Fathering | Keep in touch with family get-togethers

By David EggebeenMarch 29, 2014 

We want our children to become independent adults. The problem is that sometimes they become too independent, not just from you but also from their siblings. The lives of adult children can be quite hectic with demanding jobs and raising children, making it difficult to spend time with you and their siblings.

As a result, some families drift apart, only coming together at weddings and funerals.

Fathers can play a role in building or keeping family relationships close, even when busy lives and/or distance keep family members apart.

Action ideas

Family get-togethers are one way to keep or build family closeness. However, they are most effective when there are planned activities rather than just spending time together. Consider allowing your children to plan events or get-togethers, rather than you doing all the work.

For example, our children are arranging for family members to run in a half-marathon in Nashville next month. Those who are smart enough to pass will be cheering on those of us who are foolishly running.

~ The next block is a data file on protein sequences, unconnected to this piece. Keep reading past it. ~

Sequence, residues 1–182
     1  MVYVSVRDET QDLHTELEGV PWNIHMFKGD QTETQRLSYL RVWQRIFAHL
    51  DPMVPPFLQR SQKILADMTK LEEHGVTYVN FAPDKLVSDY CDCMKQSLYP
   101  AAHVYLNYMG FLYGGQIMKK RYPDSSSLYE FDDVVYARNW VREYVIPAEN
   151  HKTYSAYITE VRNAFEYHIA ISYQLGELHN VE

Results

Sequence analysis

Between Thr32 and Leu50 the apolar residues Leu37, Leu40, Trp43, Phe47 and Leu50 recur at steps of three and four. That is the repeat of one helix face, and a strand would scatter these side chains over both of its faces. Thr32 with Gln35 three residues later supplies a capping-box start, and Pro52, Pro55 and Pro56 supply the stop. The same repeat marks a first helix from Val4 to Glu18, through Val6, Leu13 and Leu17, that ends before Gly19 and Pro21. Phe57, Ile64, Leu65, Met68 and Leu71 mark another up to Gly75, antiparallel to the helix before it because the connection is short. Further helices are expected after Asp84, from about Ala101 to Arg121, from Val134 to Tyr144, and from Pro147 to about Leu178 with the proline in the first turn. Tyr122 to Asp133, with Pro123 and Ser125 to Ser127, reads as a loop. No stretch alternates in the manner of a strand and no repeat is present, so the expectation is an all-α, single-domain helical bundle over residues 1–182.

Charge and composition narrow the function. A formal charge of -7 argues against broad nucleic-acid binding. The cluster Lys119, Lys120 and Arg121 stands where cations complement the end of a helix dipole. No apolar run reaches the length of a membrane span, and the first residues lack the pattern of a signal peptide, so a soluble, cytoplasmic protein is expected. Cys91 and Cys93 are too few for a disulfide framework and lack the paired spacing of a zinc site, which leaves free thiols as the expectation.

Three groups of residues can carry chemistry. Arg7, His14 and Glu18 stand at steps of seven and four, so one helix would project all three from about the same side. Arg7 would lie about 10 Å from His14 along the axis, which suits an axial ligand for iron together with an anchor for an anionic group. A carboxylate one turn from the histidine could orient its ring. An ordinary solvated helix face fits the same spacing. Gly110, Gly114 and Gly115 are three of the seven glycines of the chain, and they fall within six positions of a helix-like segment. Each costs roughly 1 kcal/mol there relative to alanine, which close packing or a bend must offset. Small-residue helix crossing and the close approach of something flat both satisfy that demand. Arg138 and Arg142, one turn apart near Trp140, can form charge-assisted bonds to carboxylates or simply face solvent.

All too often, parents are the only “glue” that holds families together between family get-togethers. All family communication and family business go through them. Instead of telling each child what their siblings are up to, insist they find out for themselves.

Sometimes a lack of time or a great distance are not the only reasons families aren’t close. Although difficult, find ways to resolve rather than avoid long-standing conflict. Honest and open discussion, as well as forgiveness, can be important steps toward strengthening family ties, but recognize that dealing with issues that are deeply rooted may need the help of a family counselor.

The local fathering effort, in cooperation with the National Center for Fathering, provides biweekly Action Ideas to stimulate conversation between fathers and parents. For more information, or to join local conversations, contact David Eggebeen at e5x@psu.edu, Robert Orndorff at rmo104@psu.edu Mick Trombley at mick@micktrombley.com, Chris Dufour at chrisdufour19@gmail.com or Marc McCann at marc.mccann@arrow.org. See the Centre County Fathering website for resources and information at www.centrefathering.org.

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